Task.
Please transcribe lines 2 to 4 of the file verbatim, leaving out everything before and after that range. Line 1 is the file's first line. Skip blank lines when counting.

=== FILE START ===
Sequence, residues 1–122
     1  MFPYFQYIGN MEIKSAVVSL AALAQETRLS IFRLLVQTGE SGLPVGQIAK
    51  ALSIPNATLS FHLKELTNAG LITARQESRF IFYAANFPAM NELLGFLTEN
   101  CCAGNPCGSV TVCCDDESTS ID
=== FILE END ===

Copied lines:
     1  MFPYFQYIGN MEIKSAVVSL AALAQETRLS IFRLLVQTGE SGLPVGQIAK
    51  ALSIPNATLS FHLKELTNAG LITARQESRF IFYAANFPAM NELLGFLTEN
   101  CCAGNPCGSV TVCCDDESTS ID